A practical approach to the diagnosis of spinal cord lesions

Romina Mariano, Eoin Flanagan, Brian G Weinshenker, Jacqueline Palace

Research output: Contribution to journalReview article

5 Citations (Scopus)

Abstract

Every neurologist will be familiar with the patient with atypical spinal cord disease and the challenges of taking the diagnosis forward. This is predominantly because of the limited range of possible clinical and investigation findings making most individual features non-specific. The difficulty in obtaining a tissue diagnosis further contributes and patients are often treated empirically based on local prevalence and potential for reversibility. This article focuses on improving the diagnosis of adult non-traumatic, non-compressive spinal cord disorders. It is structured to start with the clinical presentation in order to be of practical use to the clinician. We aim, by combining the onset phenotype with the subsequent course, along with imaging and laboratory features, to improve the diagnostic process.

Original languageEnglish (US)
Pages (from-to)187-200
Number of pages14
JournalPractical Neurology
Volume18
Issue number3
DOIs
StatePublished - Jun 1 2018

Fingerprint

Spinal Cord
Spinal Cord Diseases
Phenotype
Neurologists

Keywords

  • clinical neurology
  • MRI
  • myelopathy

ASJC Scopus subject areas

  • Clinical Neurology

Cite this

A practical approach to the diagnosis of spinal cord lesions. / Mariano, Romina; Flanagan, Eoin; Weinshenker, Brian G; Palace, Jacqueline.

In: Practical Neurology, Vol. 18, No. 3, 01.06.2018, p. 187-200.

Research output: Contribution to journalReview article

Mariano, Romina ; Flanagan, Eoin ; Weinshenker, Brian G ; Palace, Jacqueline. / A practical approach to the diagnosis of spinal cord lesions. In: Practical Neurology. 2018 ; Vol. 18, No. 3. pp. 187-200.
@article{f2cd3f2fcf0e466c95363a4da4db6fc3,
title = "A practical approach to the diagnosis of spinal cord lesions",
abstract = "Every neurologist will be familiar with the patient with atypical spinal cord disease and the challenges of taking the diagnosis forward. This is predominantly because of the limited range of possible clinical and investigation findings making most individual features non-specific. The difficulty in obtaining a tissue diagnosis further contributes and patients are often treated empirically based on local prevalence and potential for reversibility. This article focuses on improving the diagnosis of adult non-traumatic, non-compressive spinal cord disorders. It is structured to start with the clinical presentation in order to be of practical use to the clinician. We aim, by combining the onset phenotype with the subsequent course, along with imaging and laboratory features, to improve the diagnostic process.",
keywords = "clinical neurology, MRI, myelopathy",
author = "Romina Mariano and Eoin Flanagan and Weinshenker, {Brian G} and Jacqueline Palace",
year = "2018",
month = "6",
day = "1",
doi = "10.1136/practneurol-2017-001845",
language = "English (US)",
volume = "18",
pages = "187--200",
journal = "Practical Neurology",
issn = "1474-7758",
publisher = "BMJ Publishing Group",
number = "3",

}

TY - JOUR

T1 - A practical approach to the diagnosis of spinal cord lesions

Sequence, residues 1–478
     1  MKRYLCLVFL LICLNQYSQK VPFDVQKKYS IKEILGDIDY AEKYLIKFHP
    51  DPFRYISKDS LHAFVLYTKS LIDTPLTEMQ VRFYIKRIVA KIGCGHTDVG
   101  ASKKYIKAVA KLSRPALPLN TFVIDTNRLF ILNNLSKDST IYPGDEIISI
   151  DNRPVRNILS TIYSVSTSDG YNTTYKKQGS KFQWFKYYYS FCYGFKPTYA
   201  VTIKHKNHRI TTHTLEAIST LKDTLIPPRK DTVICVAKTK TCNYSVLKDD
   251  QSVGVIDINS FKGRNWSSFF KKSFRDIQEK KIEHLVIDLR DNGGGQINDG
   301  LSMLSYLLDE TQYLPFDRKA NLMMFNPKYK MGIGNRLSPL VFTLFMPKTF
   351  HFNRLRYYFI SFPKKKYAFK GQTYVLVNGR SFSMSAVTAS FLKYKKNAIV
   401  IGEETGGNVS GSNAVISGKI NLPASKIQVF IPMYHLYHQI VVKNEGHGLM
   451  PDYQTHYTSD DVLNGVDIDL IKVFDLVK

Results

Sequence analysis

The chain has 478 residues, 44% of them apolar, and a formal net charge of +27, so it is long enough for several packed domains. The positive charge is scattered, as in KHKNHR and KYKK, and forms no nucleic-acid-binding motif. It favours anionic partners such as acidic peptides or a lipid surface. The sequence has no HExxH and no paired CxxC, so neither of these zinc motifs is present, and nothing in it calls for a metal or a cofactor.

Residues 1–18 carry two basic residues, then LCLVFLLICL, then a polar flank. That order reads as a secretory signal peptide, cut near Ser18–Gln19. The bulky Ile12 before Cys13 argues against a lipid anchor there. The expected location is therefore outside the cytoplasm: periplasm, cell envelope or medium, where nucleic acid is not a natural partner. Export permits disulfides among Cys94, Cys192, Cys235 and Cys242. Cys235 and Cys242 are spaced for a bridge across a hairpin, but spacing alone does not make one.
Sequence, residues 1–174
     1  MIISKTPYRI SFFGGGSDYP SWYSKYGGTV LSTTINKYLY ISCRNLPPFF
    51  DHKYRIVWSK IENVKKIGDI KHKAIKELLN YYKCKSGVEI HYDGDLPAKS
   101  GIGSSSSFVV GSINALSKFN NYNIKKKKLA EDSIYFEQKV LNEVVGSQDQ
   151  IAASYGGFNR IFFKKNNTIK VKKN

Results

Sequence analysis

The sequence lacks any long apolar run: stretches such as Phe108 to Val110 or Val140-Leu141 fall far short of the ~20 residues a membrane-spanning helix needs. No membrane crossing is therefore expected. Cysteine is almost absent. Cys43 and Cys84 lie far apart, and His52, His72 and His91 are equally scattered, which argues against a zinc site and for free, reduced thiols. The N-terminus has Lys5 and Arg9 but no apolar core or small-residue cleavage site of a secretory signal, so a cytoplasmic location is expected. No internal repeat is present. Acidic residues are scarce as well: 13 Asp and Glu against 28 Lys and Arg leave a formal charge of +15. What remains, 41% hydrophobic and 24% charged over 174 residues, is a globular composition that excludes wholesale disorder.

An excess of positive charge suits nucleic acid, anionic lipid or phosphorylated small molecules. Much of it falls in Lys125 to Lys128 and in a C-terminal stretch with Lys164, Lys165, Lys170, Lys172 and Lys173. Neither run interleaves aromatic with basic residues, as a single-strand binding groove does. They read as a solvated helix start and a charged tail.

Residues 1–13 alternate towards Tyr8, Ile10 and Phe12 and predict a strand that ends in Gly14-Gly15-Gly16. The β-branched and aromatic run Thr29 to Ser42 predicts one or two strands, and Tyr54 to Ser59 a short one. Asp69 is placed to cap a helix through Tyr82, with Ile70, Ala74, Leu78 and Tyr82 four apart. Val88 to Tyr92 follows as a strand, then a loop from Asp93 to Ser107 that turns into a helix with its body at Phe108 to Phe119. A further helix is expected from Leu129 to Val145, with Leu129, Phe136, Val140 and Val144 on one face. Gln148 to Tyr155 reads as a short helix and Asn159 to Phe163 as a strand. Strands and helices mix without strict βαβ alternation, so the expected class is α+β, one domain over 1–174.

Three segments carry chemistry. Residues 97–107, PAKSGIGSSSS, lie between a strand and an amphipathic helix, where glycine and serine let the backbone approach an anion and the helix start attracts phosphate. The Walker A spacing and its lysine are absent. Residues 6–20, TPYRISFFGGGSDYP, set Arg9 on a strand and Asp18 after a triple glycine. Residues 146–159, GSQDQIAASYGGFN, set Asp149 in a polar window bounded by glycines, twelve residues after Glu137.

AU - Mariano, Romina

AU - Flanagan, Eoin

AU - Weinshenker, Brian G

AU - Palace, Jacqueline

PY - 2018/6/1

Y1 - 2018/6/1

N2 - Every neurologist will be familiar with the patient with atypical spinal cord disease and the challenges of taking the diagnosis forward. This is predominantly because of the limited range of possible clinical and investigation findings making most individual features non-specific. The difficulty in obtaining a tissue diagnosis further contributes and patients are often treated empirically based on local prevalence and potential for reversibility. This article focuses on improving the diagnosis of adult non-traumatic, non-compressive spinal cord disorders. It is structured to start with the clinical presentation in order to be of practical use to the clinician. We aim, by combining the onset phenotype with the subsequent course, along with imaging and laboratory features, to improve the diagnostic process.

AB - Every neurologist will be familiar with the patient with atypical spinal cord disease and the challenges of taking the diagnosis forward. This is predominantly because of the limited range of possible clinical and investigation findings making most individual features non-specific. The difficulty in obtaining a tissue diagnosis further contributes and patients are often treated empirically based on local prevalence and potential for reversibility. This article focuses on improving the diagnosis of adult non-traumatic, non-compressive spinal cord disorders. It is structured to start with the clinical presentation in order to be of practical use to the clinician. We aim, by combining the onset phenotype with the subsequent course, along with imaging and laboratory features, to improve the diagnostic process.

KW - clinical neurology

KW - MRI

KW - myelopathy

UR - http://www.scopus.com/inward/record.url?scp=85053378818&partnerID=8YFLogxK

UR - http://www.scopus.com/inward/citedby.url?scp=85053378818&partnerID=8YFLogxK

U2 - 10.1136/practneurol-2017-001845

DO - 10.1136/practneurol-2017-001845

M3 - Review article

C2 - 29500319

AN - SCOPUS:85053378818

VL - 18

SP - 187

EP - 200

JO - Practical Neurology

JF - Practical Neurology

SN - 1474-7758

IS - 3

ER -